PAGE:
Tribute paid to former March mayor Barry Wales
The friend of a former March mayor who held the chain of office twice has paid tribute to him.
Dr Allan J Whyte described Barry Wales, who has recently died, as a ‘Man of March’ who dedicated much of his life to the benefit of the people of the town.
He said: “At the bottom of my road there is a pub called the Men of March. I have never been inside it but I have always thought about the people who drink there. Are they March people through and through? A secret society or an elite group like those who belong to MENZA. Barry John Wales was certainly a man of March. He was born in March and dedicated much of his life to the benefit of the people of March.”
“A teacher of science and sports at the George Campbell School Whittlesea he was active in the NUT and was dedicated to the labour movement all his life. He was elected the Labour party Fenland District councillor and served as the Mayor of March from 1999-2000. That honour was swapped between parties even though there was a Conservative majority. This achievement was even more outstanding when you consider that Barry was elected for a second term consecutively from 2000-2001.
“Whilst still a teacher Barry trained as a psychotherapist at Cambridge and worked with prisoners at Whitemoor Prison and later with people addicted to alcohol for Drink Sense.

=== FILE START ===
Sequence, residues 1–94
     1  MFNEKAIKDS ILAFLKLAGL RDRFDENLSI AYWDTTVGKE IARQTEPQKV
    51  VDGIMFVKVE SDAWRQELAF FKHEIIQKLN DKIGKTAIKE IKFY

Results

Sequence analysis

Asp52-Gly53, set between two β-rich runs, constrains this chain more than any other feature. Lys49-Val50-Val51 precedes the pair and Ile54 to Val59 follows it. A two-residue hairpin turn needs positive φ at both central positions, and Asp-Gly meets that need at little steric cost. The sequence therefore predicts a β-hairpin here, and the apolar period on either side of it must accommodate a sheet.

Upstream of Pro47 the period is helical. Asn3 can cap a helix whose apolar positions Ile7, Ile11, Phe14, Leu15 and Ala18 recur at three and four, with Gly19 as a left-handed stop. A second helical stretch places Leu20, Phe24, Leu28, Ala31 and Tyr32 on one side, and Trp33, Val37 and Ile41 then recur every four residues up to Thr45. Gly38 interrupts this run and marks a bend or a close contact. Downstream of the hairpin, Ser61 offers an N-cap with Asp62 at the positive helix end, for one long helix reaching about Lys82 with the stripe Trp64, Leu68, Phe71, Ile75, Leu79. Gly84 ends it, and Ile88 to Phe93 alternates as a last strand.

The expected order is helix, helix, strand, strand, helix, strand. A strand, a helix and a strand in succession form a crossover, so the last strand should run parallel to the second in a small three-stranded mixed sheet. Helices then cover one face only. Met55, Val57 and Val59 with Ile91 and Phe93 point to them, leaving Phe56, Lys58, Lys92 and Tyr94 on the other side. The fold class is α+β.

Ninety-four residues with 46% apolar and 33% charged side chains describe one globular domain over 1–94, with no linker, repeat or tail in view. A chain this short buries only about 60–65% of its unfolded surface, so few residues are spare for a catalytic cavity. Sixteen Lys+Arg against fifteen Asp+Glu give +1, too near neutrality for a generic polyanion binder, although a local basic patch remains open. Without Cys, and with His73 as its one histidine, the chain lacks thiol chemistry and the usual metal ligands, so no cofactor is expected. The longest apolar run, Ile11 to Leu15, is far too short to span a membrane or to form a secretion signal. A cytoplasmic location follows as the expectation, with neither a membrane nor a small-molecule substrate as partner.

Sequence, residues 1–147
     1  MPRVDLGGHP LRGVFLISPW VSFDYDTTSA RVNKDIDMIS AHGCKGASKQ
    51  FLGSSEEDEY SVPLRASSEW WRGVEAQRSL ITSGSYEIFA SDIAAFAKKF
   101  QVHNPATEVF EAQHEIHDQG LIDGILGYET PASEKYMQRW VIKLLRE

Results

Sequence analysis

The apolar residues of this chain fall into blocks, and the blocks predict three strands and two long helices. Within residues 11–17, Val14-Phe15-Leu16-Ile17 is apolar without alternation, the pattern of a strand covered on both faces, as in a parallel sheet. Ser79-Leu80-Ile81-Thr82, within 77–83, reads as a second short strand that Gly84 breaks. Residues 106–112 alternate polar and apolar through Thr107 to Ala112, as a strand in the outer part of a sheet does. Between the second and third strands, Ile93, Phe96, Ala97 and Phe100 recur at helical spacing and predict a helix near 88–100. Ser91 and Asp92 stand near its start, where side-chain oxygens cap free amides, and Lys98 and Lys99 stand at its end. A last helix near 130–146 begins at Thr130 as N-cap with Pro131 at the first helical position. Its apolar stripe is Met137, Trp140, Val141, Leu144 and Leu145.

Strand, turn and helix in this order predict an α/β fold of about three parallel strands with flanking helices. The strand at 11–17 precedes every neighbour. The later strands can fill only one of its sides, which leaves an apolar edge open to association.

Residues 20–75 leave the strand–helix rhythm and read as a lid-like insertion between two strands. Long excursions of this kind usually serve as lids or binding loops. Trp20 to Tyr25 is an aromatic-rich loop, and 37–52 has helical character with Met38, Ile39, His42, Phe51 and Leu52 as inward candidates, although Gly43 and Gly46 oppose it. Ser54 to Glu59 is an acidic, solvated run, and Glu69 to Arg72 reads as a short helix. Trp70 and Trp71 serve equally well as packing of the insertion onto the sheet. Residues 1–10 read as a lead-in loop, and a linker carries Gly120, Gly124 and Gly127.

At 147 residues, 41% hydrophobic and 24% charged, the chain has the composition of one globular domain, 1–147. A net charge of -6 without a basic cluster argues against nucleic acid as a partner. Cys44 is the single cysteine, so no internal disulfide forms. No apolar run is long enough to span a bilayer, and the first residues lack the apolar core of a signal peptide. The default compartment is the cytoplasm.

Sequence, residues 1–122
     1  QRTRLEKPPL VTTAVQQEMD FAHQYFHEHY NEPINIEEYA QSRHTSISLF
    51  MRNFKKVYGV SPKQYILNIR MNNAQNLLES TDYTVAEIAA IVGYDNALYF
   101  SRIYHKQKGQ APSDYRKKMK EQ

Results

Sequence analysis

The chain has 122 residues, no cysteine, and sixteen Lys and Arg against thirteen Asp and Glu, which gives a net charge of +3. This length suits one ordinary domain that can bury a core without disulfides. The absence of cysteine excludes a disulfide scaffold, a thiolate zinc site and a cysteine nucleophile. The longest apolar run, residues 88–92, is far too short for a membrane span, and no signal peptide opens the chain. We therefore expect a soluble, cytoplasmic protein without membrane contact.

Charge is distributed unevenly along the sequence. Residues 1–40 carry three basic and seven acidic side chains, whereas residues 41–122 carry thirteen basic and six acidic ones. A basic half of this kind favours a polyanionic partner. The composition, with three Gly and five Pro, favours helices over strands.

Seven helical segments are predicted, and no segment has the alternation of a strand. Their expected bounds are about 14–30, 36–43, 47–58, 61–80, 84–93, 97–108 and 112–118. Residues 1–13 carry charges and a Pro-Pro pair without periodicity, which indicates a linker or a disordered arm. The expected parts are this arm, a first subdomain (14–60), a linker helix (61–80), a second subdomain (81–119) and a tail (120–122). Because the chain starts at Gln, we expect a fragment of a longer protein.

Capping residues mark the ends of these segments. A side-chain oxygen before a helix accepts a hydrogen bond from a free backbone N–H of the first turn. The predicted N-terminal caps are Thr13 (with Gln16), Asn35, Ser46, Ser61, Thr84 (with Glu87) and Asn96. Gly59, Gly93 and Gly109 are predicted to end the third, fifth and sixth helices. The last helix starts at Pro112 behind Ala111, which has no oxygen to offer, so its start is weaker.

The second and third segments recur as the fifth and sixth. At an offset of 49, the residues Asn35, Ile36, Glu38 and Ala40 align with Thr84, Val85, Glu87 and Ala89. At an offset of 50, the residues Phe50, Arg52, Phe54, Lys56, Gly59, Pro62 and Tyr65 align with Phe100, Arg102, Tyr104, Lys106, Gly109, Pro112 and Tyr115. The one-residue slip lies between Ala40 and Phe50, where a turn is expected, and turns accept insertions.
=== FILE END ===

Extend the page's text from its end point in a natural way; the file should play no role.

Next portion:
“As mayor, he established a scheme to alleviate the growing problem of homeless young people in March sleeping rough. He helped to secure funding for the youth club ‘Young People March’ and with Peter Skoulding he helped to secure the funds to purchase March Town Hall.
“As a Justice of the Peace in March in the 1980s Barry was a prime mover in the ‘Alternatives in Fenland’ scheme, a government initiative to find alternative methods to incarceration for youngsters coming into contact with the judiciary. Barry was involved in recruiting and training volunteers for the scheme with the help of a Fenland social worker John Bugg (whose passionate campaigning on other matters earned him a full-page obituary in the Guardian).
“Barry was a cricket coach for the March Cricket Club and took a party of young people on a cricket tour to Africa. He was also a member of the March Town Rugby Club and the March Lions. Barry was passionate about sports and could often be found on the golf course or teasing the ball over the net in a game of tennis but his real love was for cricket.
“Barry also loved nature was keen bird watcher and enjoyed playing bridge.”
Dr Whyte concluded: “I spent many a fascinating hour listening to Barry who took a deep interest in politics both local, national and international. He was a humble man and never boasted of his achievements.
“He lived for many years in South Africa with his South African-born wife Audrey and was a committed anti-partied campaigner. Barry was very proud of his three children Stephan, Richard and Duncan.
“I will always treasure those moments that I spent in Barry’s company. The town of March has lost a wonderful servant and dear friend.”